Later in 1841, Prince Albert, Queen Victoria’s German born husband decorated a large Christmas tree at Windsor Castle, so as to reminisce about his own childhood Christmases in Germany. And thus, the tradition we all know and love today was born!
In Victorian times, Christmas trees were decorated with dried fruit, candies, cookies, nuts, small homemade gifts and candles.
In 1882, Edward Johnson (a colleague of Thomas Edison) hung strands of red, white and blue electricity-powered lights on his own tree, and by the early twentieth century, the first commercially available Christmas tree lights were sold.
Christmas cards are a deep-rooted UK tradition. It’s something we’ve kept alive over the centuries but it’s often unheard of to exchange Christmas cards in other European countries.
This tradition was started in 1843 by Sir Henry Cole who helped set up the ‘Public Record Office’, which is now called the Post Office today. Alongside his artist friend John Horsley, they invented and sold the first batch of Christmas cards.
As printing methods improved, cards became cheaper to make and it wasn’t long before every single household was posting Christmas cards to friends and loved ones.
Christmas crackers are a popular addition to the British Christmas dinner table and take their origins from the Victorian era.
A London sweet maker called Tom Smith made the first Christmas cracker towards the end of the 1840s. He had seen French ‘bon bon’ sweets in Paris and wanted to sell something similar in the UK, although with the addition of a small motto or riddle within the sweet wrapper. However, they didn’t sell well.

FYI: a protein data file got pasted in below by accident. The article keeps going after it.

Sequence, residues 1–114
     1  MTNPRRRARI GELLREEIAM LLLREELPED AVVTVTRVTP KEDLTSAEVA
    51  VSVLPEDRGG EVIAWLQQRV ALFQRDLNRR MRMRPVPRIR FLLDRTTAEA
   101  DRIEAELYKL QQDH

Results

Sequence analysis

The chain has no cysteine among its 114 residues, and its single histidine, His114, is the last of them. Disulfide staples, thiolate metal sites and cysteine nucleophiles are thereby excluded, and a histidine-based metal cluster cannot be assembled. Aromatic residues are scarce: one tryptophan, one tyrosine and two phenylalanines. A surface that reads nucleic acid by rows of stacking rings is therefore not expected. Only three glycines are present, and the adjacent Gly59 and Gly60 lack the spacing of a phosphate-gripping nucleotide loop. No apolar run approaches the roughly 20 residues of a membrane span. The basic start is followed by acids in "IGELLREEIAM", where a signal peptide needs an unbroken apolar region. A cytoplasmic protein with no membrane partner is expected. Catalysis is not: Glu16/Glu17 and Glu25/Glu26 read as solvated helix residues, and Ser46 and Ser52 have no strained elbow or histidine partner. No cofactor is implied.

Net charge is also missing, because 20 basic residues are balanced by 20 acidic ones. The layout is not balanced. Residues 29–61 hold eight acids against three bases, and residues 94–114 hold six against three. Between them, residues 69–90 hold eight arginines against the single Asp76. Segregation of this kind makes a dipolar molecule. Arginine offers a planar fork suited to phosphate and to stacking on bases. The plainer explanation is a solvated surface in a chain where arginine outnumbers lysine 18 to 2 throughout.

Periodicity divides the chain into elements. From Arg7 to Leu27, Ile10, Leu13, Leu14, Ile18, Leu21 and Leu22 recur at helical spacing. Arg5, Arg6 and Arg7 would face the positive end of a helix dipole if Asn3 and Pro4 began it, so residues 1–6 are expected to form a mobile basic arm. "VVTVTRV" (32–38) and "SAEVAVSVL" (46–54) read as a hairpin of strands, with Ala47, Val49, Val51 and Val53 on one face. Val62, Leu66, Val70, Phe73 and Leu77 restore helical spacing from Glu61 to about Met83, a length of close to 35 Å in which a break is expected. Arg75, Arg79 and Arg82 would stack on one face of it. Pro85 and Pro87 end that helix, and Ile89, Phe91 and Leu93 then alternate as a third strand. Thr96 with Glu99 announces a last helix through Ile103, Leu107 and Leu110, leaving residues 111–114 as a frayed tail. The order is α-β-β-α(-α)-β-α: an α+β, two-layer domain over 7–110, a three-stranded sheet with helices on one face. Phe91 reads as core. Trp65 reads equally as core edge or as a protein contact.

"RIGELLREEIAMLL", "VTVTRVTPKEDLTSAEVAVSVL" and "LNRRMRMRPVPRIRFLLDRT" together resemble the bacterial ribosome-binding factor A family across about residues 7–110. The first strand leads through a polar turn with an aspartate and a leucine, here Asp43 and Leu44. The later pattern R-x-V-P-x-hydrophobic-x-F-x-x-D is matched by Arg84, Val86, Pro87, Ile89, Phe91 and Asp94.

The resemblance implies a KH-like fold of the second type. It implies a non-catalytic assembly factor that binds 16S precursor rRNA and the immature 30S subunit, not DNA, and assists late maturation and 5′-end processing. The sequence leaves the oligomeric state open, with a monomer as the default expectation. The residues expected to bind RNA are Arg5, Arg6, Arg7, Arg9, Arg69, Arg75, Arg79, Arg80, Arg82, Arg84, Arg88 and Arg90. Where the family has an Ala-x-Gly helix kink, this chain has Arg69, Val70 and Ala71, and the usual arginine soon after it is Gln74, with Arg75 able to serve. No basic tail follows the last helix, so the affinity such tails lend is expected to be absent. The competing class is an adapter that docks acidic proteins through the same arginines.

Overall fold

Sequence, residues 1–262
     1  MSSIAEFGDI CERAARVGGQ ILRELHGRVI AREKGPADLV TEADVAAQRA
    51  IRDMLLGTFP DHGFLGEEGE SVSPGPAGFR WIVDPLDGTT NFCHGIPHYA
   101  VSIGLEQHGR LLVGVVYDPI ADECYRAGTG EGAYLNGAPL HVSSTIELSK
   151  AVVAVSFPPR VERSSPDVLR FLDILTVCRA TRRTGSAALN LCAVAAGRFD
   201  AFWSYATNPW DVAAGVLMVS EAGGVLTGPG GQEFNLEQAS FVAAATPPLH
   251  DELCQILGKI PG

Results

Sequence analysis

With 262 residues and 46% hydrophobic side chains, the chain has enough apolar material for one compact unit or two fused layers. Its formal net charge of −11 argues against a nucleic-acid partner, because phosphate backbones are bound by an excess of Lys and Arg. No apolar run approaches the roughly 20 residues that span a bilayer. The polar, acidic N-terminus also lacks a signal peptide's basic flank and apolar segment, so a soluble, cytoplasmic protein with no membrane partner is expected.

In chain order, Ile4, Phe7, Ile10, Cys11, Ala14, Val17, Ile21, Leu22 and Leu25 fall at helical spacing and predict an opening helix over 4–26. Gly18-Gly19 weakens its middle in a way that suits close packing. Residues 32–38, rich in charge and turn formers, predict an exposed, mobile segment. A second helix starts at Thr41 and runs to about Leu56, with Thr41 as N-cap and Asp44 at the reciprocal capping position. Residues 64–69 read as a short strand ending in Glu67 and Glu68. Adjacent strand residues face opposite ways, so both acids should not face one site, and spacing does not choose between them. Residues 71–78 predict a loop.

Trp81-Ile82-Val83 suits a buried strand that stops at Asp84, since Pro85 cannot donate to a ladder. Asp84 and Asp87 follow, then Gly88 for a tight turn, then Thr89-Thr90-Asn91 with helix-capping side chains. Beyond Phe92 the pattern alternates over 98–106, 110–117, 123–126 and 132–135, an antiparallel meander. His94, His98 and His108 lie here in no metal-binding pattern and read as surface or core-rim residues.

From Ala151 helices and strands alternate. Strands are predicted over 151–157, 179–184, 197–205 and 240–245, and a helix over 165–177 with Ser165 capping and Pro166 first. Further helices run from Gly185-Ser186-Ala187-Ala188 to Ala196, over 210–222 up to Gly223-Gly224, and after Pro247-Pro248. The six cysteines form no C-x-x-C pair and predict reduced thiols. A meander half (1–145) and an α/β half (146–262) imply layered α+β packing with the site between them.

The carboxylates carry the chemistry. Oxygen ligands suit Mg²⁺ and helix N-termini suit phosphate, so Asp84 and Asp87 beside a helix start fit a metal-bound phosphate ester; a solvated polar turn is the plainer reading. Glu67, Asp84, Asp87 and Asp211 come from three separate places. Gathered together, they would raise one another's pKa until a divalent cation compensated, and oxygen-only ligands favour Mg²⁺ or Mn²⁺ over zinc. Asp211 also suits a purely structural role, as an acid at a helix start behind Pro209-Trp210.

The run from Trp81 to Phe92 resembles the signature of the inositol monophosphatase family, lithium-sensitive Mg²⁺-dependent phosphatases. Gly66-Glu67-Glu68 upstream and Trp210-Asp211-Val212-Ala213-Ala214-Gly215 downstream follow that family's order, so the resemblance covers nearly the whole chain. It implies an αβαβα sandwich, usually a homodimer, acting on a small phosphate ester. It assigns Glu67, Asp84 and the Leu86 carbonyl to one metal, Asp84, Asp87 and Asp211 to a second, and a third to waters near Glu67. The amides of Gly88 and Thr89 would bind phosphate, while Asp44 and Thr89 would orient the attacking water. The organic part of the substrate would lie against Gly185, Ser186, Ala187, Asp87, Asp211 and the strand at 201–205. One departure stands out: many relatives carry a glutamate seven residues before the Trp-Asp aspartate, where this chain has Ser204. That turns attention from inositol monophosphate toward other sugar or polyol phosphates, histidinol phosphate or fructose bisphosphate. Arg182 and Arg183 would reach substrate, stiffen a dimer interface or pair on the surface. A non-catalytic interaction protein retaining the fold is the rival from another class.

A few years later, he gained inspiration from the sparkles and crackles of his log fire, and thought it would be fun for his sweets to open with a crack when the wrappers were pulled in half. And thus, the Christmas cracker sensation was born!
Christmas at Tyntesfield: Top Tips & Must Knows
So… who fancies their very own Tyntesfield Christmas experience? Here are a few must know tips ahead of your visit.
Evening entry is available throughout December
Throughout December the estate is open until 8pm Wednesday to Sunday. It’s a magical time to visit as you’ll get to see the Christmas lights outside at their twinkly peak!
This is a popular event so advance booking is recommended
Although Tyntesfield releases some on-the-door tickets, it’s recommended to book in advance if you can. I can imagine that weekends (particularly between 11am and 3pm) can also get very busy. Just look at the queues in these photos.
Entry to the house is via a timed ticket
Especially at Christmas, the house can get very busy so you’ll be prompted when booking to choose an hour time slot to visit the house. It’s a bit of a drive from the main road to the car park and it’s another fifteen minutes to walk to the house after getting your ticket. Make sure you leave enough time to make it to the house for your own time slot.
Come at sunset for some beautiful photos